MICS331P - INTRODUCTION TO DATA STRUCTURES AND ALGORITHMS (2020 Batch)

Total Teaching Hours for Semester:75
No of Lecture Hours/Week:5
Max Marks:100
Credits:4

Course Objectives/Course Description

 
  • To learn the systematic way of solving problems.
  • To understand the different methods of organizing large amounts of data.
  • To efficiently implement the different data structures.
  • To efficiently implement solutions for specific problems.

Learning Outcome

Sl NO

DESCRIPTION

REVISED BLOOM’S TAXONOMY (RBT)LEVEL

1.

Explain the basic concepts of data structures and solve the time complexity of the algorithm

L3

2.

Experiment with various operations on Linear Data structures

L3

3.

Examine the Structures and Operations of Trees and Heaps Data Structures

L4

4

Compare various given sorting techniques with respect to time complexity

L4

5

 Choose various shortest path algorithms to determine the minimum spanning path for the given graphs

L5

Unit-1
Teaching Hours:14
INTRODUCTION
 

Definition- Classification of data structures: primitive and non-primitive- Operations on data structures- Algorithm Analysis.

LAB Programs:

1a. Sample C Programs 1b. To determine the time complexity of a given logic. 

Unit-2
Teaching Hours:17
LISTS, STACKS AND QUEUES
 

Abstract Data Type (ADT) – The List ADT – The Stack ADT: Definition,Array representation of stack, Operations on stack: Infix, prefix and postfix notations Conversion of an arithmetic Expression from Infix to postfix. Applications of stacks. 

The Queue ADT: Definition, Array representation of queue, Types of queue: Simple queue, circular queue, double ended queue (de-queue) priority queue, operations on all types of Queues 

LAB Programs:

2. Implement the applications Stack ADT.

3. Implement the applications for Queue ADT.

4.Operations on stack[e.g.: infix to postfix, evaluation of postfix]

Unit-3
Teaching Hours:16
TREES
 

Preliminaries – Binary Trees – The Search Tree ADT – Binary Search Trees – AVL Trees – Tree Traversals – Hashing – General Idea – Hash Function – Separate Chaining – Open Addressing –Linear Probing – Priority Queues (Heaps) – Model – Simple implementations – Binary Heap.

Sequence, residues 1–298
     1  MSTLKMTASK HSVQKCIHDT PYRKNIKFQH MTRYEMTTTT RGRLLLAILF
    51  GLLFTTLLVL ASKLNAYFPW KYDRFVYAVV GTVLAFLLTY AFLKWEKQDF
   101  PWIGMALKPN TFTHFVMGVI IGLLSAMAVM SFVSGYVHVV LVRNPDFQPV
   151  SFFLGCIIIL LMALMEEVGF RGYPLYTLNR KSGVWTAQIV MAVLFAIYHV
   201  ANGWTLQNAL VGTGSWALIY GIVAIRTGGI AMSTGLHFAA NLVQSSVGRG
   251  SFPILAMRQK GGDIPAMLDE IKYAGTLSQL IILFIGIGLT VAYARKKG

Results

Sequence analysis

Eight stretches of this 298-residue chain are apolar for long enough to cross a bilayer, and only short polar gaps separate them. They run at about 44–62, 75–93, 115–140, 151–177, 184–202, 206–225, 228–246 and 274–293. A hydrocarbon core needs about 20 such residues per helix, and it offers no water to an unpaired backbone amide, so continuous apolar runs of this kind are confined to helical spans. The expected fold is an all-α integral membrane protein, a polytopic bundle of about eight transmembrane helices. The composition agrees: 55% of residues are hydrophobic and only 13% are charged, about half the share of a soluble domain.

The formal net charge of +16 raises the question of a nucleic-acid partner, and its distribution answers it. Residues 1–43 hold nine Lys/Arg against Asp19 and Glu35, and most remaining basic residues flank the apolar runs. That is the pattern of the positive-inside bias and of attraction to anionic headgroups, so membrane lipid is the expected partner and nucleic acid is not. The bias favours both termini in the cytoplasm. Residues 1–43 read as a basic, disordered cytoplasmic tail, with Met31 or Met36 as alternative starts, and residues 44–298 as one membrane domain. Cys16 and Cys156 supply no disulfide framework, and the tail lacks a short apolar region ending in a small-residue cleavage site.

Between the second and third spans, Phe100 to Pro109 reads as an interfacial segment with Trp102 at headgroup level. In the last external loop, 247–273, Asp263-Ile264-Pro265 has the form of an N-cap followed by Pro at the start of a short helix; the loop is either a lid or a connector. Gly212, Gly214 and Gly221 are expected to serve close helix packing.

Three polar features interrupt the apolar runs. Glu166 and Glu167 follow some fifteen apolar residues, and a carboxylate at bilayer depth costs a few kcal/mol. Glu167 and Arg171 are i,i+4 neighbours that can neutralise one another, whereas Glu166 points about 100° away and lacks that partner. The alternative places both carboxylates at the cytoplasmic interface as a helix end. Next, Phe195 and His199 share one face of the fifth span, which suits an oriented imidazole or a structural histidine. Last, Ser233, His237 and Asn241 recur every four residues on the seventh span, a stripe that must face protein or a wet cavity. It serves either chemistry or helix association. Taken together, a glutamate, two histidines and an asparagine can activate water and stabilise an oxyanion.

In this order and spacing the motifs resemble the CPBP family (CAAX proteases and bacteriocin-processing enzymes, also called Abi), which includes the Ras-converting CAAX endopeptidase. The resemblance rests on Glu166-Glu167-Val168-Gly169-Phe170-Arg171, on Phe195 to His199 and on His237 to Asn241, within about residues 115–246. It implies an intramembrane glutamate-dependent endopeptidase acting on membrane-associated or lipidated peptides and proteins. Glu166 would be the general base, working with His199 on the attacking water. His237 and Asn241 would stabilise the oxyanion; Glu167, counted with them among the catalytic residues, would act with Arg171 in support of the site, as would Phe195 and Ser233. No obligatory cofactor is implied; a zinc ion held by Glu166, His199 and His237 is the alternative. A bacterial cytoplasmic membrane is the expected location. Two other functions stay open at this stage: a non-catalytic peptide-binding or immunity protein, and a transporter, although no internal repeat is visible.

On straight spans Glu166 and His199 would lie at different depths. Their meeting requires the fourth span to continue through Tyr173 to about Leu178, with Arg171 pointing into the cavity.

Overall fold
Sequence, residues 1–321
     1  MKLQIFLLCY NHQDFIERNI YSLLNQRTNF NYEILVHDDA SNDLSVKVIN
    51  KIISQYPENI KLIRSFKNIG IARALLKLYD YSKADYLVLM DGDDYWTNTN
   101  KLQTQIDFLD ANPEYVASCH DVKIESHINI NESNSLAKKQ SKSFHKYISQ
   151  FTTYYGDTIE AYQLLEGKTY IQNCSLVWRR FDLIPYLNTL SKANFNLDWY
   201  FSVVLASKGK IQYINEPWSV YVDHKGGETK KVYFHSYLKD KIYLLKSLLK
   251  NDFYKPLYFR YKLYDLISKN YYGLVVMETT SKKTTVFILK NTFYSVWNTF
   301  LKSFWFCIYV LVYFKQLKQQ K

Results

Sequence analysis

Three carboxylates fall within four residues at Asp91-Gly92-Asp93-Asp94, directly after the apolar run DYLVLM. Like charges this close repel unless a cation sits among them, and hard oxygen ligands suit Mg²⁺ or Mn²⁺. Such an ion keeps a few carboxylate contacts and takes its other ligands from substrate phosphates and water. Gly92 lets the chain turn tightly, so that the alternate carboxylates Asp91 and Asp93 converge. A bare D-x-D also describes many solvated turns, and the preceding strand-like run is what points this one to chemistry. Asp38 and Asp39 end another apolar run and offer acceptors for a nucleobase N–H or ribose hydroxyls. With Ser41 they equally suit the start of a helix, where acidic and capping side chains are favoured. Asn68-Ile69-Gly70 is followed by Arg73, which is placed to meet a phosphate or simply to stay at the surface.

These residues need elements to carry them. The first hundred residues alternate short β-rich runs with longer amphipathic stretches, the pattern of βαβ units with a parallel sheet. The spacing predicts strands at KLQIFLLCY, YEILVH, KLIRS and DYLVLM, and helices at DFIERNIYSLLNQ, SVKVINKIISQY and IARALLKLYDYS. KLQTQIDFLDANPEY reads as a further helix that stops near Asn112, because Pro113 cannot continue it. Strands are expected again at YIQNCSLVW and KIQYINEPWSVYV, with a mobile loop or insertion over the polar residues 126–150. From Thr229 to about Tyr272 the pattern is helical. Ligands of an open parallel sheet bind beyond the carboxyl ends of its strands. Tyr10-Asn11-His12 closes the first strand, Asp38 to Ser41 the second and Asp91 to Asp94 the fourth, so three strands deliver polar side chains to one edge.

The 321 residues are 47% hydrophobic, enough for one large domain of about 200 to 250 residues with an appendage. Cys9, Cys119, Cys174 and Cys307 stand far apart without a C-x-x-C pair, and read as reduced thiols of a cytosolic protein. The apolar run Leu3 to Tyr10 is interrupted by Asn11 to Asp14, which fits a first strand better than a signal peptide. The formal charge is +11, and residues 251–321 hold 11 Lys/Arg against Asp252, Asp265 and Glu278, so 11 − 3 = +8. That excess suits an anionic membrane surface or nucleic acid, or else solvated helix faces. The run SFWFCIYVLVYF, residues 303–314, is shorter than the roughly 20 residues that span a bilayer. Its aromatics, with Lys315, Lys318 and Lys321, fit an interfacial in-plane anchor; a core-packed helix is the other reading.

LAB PROGRAMS:

5. Search Tree ADT - Binary Search Tree

Unit-4
Teaching Hours:14
SORTING
 

Preliminaries – Insertion Sort – Shell sort – Heap sort – Merge sort – Quicksort – External Sorting.

LAB PROGRAMS

6. Heap Sort.

7. Quick Sort.

8.Applications of Probability and Queuing Theory Problems to be implemented using data structures. 

Unit-5
Teaching Hours:14
GRAPHS
 

Definitions – Topological Sort – Shortest-Path Algorithms – Unweighted Shortest Paths – Dijkstra‘s Algorithm – Minimum Spanning Tree – Prim‘s Algorithm – Applications of Depth- First Search – Undirected Graphs – Bi-connectivity – Introduction to NP-Completeness-case study

LAB PROGRAMS

9. Implementing a Hash function/Hashing Mechanism.

10. Implementing any of the shortest path algorithms. 

 

Text Books And Reference Books:

TEXT BOOK

1.Mark Allen Weiss , “Data Structures and Algorithm Analysis in C”, 2nd  Edition, Addison-Wesley, 1997

Essential Reading / Recommended Reading

1. Michael T. Goodrich, Roberto Tamassia and Michael H. Goldwasser , ―Data Structures and Algorithms in Python  ‖, First  Edition, John Wiley & Sons, Incorporated, 2013.ISBN1118476735, 9781118476734

Evaluation Pattern

Components of the CIA

CIA I : Assignment/MCQ  and Continuous Assessment : 10 marks

CIA II : Mid Semester Examination (Theory) : 10 marks

CIA III : Closed Book Test/Mini Project and Continuous Assessment: 10 marks

Lab marks :35 marks

Attendance : 05 marks

End Semester Examination(ESE) : 30% (30 marks out of 100 marks)

Total: 100 marks

MIMBA331 - PRINCIPLES OF MANAGEMENT (2020 Batch)

Total Teaching Hours for Semester:60
No of Lecture Hours/Week:4
Max Marks:100
Credits:3

Course Objectives/Course Description

 

Course Description: This is offered as a core course in first trimester. This course will provide a general introduction to management principles and theories, and a brief outline on history and development of management thought.

Course Objectives: This course describes the steps necessary to understand an organisation that are aligned with business objectives and provides an insight to address a range of challenges that every manager encounters. It aims to prepare students for an exciting challenging and rewarding managerial career through case studies on ‘Global Perspective’.

Learning Outcome

 Course Learning Outcomes: On having completed this course students should be able to: